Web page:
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Eastern Swing

by B.A. Nilsson on December 1, 2011

Phila Fusion Asian Restaurant and Bar, 54 Phila St., Saratoga Springs, 226-0400, philafusion.com. Serving lunch 11:30-3 Mon-Sun, dinner 5-10 Sun-Thu, 5-10:30 Fri-Sat. AE, D, MC, V.

Cuisine: pan-Asian

Entrée price range: $12 (noodle soup) to $20 (sea bass)

Ambiance: bright and cheerful

With the Thanksgiving bacchanalia fresh on the palate and a fridge stuffed with calorie-rich leftovers, nobody wanted to face the prospect of another meal. Certainly not another meal at home, where guilt and economics would demand a refashioning of what’s at hand. “If you could pick anything to eat,” I asked the family, “what would it be?”

Can I say right here that, for a family that dines out as much as we do, there can be a lack of creative vision? Thus it was I who floated the prospect of noodle soup. Combined with a trip to Saratoga Springs, and its attendant shopping potential, we had a plan.

Phila Fusion opened next door to Sushi Thai Garden, not at all coincidentally: They’re run by the same family, the newer restaurant intended as a higher-end alternative. But not that much higher, really. Pricing is reasonable, especially for Saratoga, with the most expensive entrée clocking in at 20 bucks. (Big sushi arrangements are pricier, of course, but they arrive in large, decorative wooden boats, and who can begrudge paying for that?)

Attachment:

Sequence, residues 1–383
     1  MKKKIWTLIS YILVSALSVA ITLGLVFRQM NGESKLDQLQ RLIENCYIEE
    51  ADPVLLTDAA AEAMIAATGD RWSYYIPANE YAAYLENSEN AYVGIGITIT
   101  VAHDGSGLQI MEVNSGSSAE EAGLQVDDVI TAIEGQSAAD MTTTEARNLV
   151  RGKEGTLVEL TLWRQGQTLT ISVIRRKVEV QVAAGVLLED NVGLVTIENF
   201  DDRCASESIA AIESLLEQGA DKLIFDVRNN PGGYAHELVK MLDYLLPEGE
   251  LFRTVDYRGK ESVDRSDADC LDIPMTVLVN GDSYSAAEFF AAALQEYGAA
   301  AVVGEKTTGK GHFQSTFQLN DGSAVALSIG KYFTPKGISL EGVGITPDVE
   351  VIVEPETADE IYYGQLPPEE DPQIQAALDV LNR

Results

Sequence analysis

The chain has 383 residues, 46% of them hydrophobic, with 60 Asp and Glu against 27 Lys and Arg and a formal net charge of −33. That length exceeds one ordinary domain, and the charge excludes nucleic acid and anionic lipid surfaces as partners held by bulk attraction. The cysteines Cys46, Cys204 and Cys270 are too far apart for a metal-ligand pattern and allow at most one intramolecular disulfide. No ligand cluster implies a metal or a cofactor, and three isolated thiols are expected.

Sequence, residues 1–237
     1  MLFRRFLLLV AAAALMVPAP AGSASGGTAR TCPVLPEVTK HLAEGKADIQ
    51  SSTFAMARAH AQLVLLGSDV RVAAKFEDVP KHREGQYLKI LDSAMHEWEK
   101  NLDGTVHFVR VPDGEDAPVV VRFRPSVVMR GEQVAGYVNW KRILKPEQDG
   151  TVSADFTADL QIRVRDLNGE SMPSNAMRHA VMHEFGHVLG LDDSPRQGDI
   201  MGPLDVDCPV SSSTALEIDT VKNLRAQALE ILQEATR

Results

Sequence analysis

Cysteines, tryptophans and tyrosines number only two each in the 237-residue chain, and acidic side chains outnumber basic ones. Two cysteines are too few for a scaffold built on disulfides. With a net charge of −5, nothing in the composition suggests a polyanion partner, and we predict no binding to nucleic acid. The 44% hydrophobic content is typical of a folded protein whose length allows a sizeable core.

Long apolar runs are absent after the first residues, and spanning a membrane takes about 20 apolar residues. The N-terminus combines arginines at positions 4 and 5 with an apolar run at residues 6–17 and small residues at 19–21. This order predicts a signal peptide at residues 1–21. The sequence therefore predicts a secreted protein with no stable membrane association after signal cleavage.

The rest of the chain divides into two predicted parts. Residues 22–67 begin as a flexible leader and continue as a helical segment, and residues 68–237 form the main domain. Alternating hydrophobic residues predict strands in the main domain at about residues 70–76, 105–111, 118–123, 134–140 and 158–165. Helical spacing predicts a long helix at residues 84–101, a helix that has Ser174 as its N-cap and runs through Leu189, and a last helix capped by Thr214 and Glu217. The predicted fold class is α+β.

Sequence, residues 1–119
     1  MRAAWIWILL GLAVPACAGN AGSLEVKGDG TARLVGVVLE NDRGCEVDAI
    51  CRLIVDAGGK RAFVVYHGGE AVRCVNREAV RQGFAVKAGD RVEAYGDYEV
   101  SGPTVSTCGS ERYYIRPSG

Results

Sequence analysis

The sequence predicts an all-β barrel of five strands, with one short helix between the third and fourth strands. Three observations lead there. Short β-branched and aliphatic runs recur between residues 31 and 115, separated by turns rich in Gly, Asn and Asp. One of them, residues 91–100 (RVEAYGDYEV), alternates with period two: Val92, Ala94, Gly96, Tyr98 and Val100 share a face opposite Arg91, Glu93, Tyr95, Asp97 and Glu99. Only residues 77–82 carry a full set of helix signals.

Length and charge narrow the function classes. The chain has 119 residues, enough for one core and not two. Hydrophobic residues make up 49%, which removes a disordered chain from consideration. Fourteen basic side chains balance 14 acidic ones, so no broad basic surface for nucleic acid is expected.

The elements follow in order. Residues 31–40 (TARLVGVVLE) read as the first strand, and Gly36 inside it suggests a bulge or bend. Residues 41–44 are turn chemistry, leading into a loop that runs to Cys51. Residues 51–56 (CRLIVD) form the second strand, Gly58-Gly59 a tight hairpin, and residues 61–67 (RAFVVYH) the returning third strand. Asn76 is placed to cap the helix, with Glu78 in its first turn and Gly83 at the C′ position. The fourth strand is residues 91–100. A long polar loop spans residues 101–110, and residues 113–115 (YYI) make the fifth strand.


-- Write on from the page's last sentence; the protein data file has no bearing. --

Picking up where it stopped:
We knew the pricing in advance because we’d consulted the online menu. Just as every restaurant should have a stack of giveaway menus on hand, so too should there be a web presence. It’s just smart business. But please don’t force music on me when I visit your website. Speaking of enforced entertainment: The dining areas of Phila Fusion are so attractive that it’s a shame to find a pair of large TV screens giving off the Food Network. Unless it’s a sports bar or some similarly entertainment-specific place, TV of any kind is insulting in a public place. It’s worsened by the idiocy of the Food Network, which reduces culinary affairs to celebrity-driven sporting events.

Otherwise, I found the arrangement of tables and translucent screens artfully done, accented with shrewd lighting. The seven-seat sushi bar is appointed with the decorative boats and platters on which your order will arrive, with a large Maneki Neko beckoning from the center of the bar.

The noodle soups at Phila Fusion cross cultures, with a selection of Vietnamese phơ ($12-$13), Japanese udon ($12) and a couple of Thai selections, including kao soi ($13), which sent two of our foursome in that direction. My daughter jumped at the phơ, which comes with scallions and onions in the broth and a side dish of basil and bean sprouts and slices of lime. You have a choice of sliced meat: beef, pork or chicken, shrimp, meat- or fish-balls and more, but she wanted to stay dietarily calm with a mixed-vegetable array. It proved to be a very large portion of a lightly flavored broth hiding the traditional rice noodles, with added carrots, celery, cucumber and broccoli. The dish itself is said to come from a hundred-year-old combination of the noodles with French-inspired soup, reflecting the great Gallic influence on Vietnamese cuisine.